"We like tipping our hits to classic rock, so why not [Led Zeppelin's] Houses of the Holy?" says Jourgensen, laughing. "Besides, I live in Texas, and molé is a way of life down here. It's a brown, Mexican chocolate sauce that suspiciously looks like crude oil. And with the appetite of this administration for that, I just thought it all fit together."
Musically, the album harkens back to the speedier, angrier days of Ministry's breakthrough record, 1992's Psalm 69. However, there are some noticeable differences, including the absence of long-time collaborator Paul Barker, who had been the co-writer and bassist for the band since 1987.
Jourgensen won't get into details, but he's clearly happy running the show alone. "It's all good," he says. "But it just became like a marriage. After eighteen years the sex gets a little boring. It was time to change positions, so to speak."
Houses also marks Jourgensen's first extended period of good health in years. The singer had been known for his drug exploits and escapades in the past, which included an infamous 1995 raid on his property by Texas lawmen snooping for drugs (no arrests were made). "I've been clean for a few years," he says. "Before that, I was a walking coma. I couldn't deliver our albums faster because I was working on 'dealer standard time,' which is six months behind everyone else."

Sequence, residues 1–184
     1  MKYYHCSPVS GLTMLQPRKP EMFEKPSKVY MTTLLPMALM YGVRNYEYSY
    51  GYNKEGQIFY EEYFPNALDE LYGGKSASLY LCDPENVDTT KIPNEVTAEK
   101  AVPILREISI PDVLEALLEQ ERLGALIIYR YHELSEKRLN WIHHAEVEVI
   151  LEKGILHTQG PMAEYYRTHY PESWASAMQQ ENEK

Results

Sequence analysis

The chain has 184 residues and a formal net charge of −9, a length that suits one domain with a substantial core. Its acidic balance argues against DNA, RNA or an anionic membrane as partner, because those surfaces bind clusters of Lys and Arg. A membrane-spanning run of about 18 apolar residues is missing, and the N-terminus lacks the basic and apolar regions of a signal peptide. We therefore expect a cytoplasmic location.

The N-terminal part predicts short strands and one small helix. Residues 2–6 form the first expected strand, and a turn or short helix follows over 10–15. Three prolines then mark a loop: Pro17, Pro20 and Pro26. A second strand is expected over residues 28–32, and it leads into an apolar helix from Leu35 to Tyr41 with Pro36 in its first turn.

The clean bill of health is good news for Ministry fans, who will get to see the band enter its most productive phase in years. First up, the group's long-running side project, the industrial-party band the Revolting Cocks, will release a new album by year's end. "We do a cover of 'Purple Haze' called 'Purple Head,'" says Jourgensen. "It's very juvenile delinquent, misogynist and everything you'd expect in a Revolting Cocks record."
Ministry will also start a tour with Skinny Puppy on Labor Day, tied in to the Punkvoter.com organization. "Our goal is to register 100,000 kids on the tour," says Jourgensen. "I'll do anything to entice them: sign autographs, give blowjobs, whatever." The Punkvoter shows will run up to the November 9th election.
Jourgensen has become a Punkvoter favorite, contributing a track to the organization's Rock Against Bush album and going on NPR on the group's behalf. His efforts appear to not have gone unnoticed by the other side.
"All these Republican web sites have my picture next to Michael Moore," he says. "So I'm taking that as a real compliment."